Increasing the fraction of austenite in ADI usually contributes to an increase in impact strength [11, 33, 34, 35, 36]. Such a direction of interaction is related to the increase in austenite fraction due to the higher austempering temperature at a constant austenitizing temperature. The inverse effect of the austenite is observed when the increase in its fraction results from the increase in the austenitizing temperature; i.e., the reduction of the impact strength due to the increase in the fraction of the high-carbon austenite. This is also confirmed by Radulovic’s study [37]. Thus, the austenitizing temperature plays an important role in the formation of a homogeneous structure that provides the optimal combination of mechanical properties (static and dynamic).

An important factor affecting the impact strength is also the presence of high-dispersive Mg–Cu particles. An increase in the austenitizing temperature contributes to the increase of the density and size of Mg–Cu particles (see Fig. 8), which has a negative effect on the impact strength. Therefore, the final impact strength is a result of the action of the austenite fraction and the presence of Mg–Cu particles.

4 Conclusions

The present study allows us to draw the following conclusions:
  1. 1.

    The austenitizing temperature has a significant effect on the transformation rate during the subsequent austempering process. Raising the austenitizing temperature reduces this transformation rate and also has a significant effect on the total transformation time, after which the microstructure of the ausferrite (irregular ferrite plates and stable high-carbon austenite) is achieved.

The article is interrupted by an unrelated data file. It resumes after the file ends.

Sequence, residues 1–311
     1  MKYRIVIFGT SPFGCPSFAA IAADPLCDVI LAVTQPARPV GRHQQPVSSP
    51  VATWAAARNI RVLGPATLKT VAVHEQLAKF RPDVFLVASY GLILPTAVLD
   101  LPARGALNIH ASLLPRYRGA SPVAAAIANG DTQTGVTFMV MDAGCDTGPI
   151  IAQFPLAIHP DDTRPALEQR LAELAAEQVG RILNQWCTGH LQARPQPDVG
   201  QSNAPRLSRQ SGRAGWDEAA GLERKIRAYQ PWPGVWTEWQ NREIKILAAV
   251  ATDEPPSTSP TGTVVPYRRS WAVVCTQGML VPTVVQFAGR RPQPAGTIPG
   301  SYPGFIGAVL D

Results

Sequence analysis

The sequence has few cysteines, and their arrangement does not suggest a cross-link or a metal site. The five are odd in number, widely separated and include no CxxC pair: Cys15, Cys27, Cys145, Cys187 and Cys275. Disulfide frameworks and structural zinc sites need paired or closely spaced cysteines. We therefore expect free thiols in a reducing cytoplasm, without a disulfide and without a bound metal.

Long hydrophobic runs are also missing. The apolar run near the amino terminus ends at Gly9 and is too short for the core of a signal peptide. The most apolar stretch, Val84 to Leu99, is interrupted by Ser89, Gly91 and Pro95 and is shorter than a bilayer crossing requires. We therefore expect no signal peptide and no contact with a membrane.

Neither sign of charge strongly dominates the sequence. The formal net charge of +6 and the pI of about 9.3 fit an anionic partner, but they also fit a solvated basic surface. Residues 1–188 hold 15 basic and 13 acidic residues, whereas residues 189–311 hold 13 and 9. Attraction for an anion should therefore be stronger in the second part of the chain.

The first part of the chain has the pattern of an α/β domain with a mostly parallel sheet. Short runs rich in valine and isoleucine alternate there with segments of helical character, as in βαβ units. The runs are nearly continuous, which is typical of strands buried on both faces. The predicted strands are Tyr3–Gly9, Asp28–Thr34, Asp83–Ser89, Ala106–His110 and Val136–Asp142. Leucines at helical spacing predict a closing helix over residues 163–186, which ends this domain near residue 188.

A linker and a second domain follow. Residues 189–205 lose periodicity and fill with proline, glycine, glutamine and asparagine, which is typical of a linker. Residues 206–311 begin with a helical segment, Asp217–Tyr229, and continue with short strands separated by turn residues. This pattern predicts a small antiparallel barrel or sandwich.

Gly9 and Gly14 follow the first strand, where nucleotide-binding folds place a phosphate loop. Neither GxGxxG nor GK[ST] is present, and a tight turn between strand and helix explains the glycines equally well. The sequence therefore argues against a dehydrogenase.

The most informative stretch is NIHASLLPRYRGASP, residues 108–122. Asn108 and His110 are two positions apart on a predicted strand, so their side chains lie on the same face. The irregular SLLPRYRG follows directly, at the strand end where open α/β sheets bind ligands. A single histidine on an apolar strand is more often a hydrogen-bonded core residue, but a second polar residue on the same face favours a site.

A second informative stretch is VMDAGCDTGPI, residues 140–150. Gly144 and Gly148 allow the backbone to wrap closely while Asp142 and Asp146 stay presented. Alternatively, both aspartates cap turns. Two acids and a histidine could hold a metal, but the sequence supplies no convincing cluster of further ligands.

2. 2.

    The austenitizing temperature plays an important role in the formation of a homogeneous structure. Raising the austenitizing temperature increases the austenite fraction, reduces the number of ferrite plates, and the ferrite plates are thicker and longer. A lower number of ferrite plates may lead to the local inhomogeneity of the ausferrite. In extreme cases, this inhomogeneity may cause the occurrence of martensite in these areas.

     
  3. 3.

    The mechanism of the formation of ellipsoidal-shaped Mg–Cu particles during the austenitizing process is presented. As the austenitizing temperature rises, the size and density of the Mg–Cu particles increases as well.

     
  4. 4.

    The austenitizing temperature has a very significant effect on mechanical properties. Increasing the austenitizing temperature decreases the structure homogeneity and the resultant hardness and impact strength of ADI.

     

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© The Author(s) 2019

Open AccessThis article is distributed under the terms of the Creative Commons Attribution 4.0 International License (http://creativecommons.org/licenses/by/4.0/), which permits unrestricted use, distribution, and reproduction in any medium, provided you give appropriate credit to the original author(s) and the source, provide a link to the Creative Commons license, and indicate if changes were made.

Authors and Affiliations

  1. 1.Faculty of Foundry Engineering, Department of Cast Alloys and Composites EngineeringAGH University of Science and TechnologyKrakówPoland
  2. 2.Institute of Condensed Matter Chemistry and Technologies for Energy (ICMATE)National Research Council of Italy (CNR)MilanItaly
  3. 3.Academic Centre for Materials and NanotechnologyAGH University of Science and TechnologyKrakówPoland